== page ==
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Lewis Porter on John Coltrane

Victor L. Schermer By

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Coltrane... must have had an impact on 90% of all jazz musicians, as well as, say 10% of rock musicians and 15% of classical musicians...in terms of impact, I don't think you could question that Coltrane was one of the greats.
The following interview with Lewis Porter, author of John Coltrane: His life and Music, was conducted by telephone on April 15, 2000. I am indebted to Dr. Porter for taking the time from his exceptionally busy schedule as musician, writer, teacher, and father to share his views with us.

All About Jazz: It's indeed an honor to interview you, Dr. Porter. Just to get us started, could you tell us your favorite albums and books about jazz, and also your favorite jazz critics?

Lewis Porter: Well, that's hard to answer. I listen to everything. Surprisingly, on the top of my listening list right now is a Beach Boys album called Friends, which I think is one of the great pop albums of all time. On the classical side, also Beethoven's Sixth Symphony. I have very eclectic listening habits. And of course, I mostly listen to jazz. Currently I'm listening to the album, Evolution, by Grachan Moncur III. Lee Morgan plays trumpet on that album. It's one of the more "free" albums with Morgan. There's a pop band called The Sundays that I enjoy. One of my favorite albums is Glenn Gould's 1955 recording of Bach's Goldberg Variations. And practically everything by Coltrane is on the top of my list. And I also love Lester Young's early recordings with Count Basie.

As far as jazz writers, one of the foci of my masters program [Dr. Porter founded and is a professor in the Masters program in jazz history and research at Rutgers University] is "critiquing the critics." I'm a critical reader, but my favorite is someone who's retired now and doesn't publish much. His name is Larry Gushee, a professor at the University of Illinois. He has done 30 years of research on the origins of jazz and the early New Orleans bands, and he has information no one else has. He occasionally publishes. When he lectures, I run out to hear it.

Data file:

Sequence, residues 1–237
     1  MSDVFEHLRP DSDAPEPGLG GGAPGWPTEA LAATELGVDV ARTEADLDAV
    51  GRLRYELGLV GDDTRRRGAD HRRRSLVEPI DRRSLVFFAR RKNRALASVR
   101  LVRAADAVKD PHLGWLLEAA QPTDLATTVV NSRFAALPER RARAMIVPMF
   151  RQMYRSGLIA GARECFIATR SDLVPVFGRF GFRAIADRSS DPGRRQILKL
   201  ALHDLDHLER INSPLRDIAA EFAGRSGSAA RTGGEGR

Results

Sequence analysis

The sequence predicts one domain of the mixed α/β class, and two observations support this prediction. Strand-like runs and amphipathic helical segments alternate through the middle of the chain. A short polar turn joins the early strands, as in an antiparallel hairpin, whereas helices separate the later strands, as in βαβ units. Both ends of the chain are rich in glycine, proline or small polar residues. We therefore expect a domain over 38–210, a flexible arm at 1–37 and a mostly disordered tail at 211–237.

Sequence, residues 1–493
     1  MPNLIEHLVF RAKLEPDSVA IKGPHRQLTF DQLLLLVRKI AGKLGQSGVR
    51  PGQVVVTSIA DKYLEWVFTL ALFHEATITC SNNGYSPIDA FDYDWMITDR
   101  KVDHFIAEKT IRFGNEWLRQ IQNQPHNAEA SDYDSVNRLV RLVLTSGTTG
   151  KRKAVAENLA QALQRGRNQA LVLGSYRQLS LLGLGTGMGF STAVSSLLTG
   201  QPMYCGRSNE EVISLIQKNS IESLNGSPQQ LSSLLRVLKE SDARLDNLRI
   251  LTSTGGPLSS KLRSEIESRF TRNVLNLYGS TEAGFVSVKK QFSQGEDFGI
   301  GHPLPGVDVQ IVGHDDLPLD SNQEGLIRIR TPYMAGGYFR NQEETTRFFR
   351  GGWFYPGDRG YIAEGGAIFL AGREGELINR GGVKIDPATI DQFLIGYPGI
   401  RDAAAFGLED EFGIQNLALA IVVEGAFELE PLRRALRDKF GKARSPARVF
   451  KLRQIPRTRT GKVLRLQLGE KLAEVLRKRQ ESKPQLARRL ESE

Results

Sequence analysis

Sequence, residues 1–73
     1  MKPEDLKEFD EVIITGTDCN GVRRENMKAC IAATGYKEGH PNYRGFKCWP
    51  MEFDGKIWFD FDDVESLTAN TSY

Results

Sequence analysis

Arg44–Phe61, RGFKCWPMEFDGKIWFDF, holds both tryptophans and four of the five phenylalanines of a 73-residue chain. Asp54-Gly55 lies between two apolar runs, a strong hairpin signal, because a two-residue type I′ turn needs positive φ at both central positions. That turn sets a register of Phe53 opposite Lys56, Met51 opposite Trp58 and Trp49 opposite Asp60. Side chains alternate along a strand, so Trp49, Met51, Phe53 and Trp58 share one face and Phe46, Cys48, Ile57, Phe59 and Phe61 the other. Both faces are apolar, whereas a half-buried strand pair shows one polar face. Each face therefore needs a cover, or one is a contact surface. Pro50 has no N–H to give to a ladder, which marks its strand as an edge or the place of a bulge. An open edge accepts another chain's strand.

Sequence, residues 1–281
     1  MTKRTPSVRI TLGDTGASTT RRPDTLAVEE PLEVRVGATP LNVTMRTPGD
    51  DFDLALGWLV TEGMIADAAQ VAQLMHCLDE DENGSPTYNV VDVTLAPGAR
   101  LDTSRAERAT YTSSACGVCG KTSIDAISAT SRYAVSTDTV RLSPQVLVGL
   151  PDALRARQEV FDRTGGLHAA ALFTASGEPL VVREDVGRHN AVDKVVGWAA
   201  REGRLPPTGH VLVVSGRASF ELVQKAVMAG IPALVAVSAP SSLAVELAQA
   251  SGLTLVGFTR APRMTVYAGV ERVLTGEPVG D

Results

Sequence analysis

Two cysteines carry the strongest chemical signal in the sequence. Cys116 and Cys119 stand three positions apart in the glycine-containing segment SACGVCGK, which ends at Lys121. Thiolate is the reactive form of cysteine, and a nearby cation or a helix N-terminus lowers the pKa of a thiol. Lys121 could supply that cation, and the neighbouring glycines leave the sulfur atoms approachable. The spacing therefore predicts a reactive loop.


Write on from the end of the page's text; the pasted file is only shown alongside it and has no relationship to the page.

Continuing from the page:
Then there are two colleagues. One is Mark Tucker, who used to be at Columbia University and is now at William and Mary College in Virginia. The other is Scott DeVeaux, at the University of Virginia. He has a book out about bebop which got very good reviews.

AAJ: To cover the bases, you're a saxophonist and pianist, I take it?

LP: I've been playing piano since I was about twelve, and that's my main instrument. I doubled on the saxophone for a while, did a lot of gigs on the sax. But I just found I couldn't keep up with saxophone, and the piano, and the teaching, and being a dad, and all that, so I gave up the saxophone about seven or eight years ago.

VIC: Do you play Coltrane tunes on the piano, then?

LP: Yes, part of my repertoire is "Central Park West." I've participated in Coltrane tribute concerts. I had an arrangement of "Naima." And I've played "Impressions," Giant Steps," any number of Coltrane pieces.

AAJ: Let's talk about your book, John Coltrane: His Life and Music. Since the book was published in January of 1998 my book review and this interview are quite overdue (!), and I owe you an apology. When I belatedly saw the book this winter, I thought to myself, "This book needs serious attention!" And when I read it, I knew I was right! However, the passage of time makes for a good lead-in question. This biography took a great deal of your time, your life, and your musical knowledge. It took more than ten years to produce. It's now considered without question to be the definitive biography of Coltrane. For you personally, then, how does this book sit with you two years after publication? And what's the most useful feedback and constructive criticism you've received? Do you feel there have been any unfair criticisms? Would you do anything differently now?

LP: I've done a lot of writing, I've got five books out there, I've done numerous articles, but the Coltrane bio was the hardest book I've ever written. It felt hard while writing it-there were periods when I'd be sitting there thinking, G-d, this is murder! It was hard intellectually, research-wise. I made a point of double checking everything, even stuff that had been written many times in other books, because I found that much of it wasn't accurate.

I tend to be very self-critical and to put my books down. My graduate students laugh because they say, "the main message of your teaching is that everybody stinks, including you!" [laughter.] And I say, "Maybe it does sound that way, but there are a few things that are OK."

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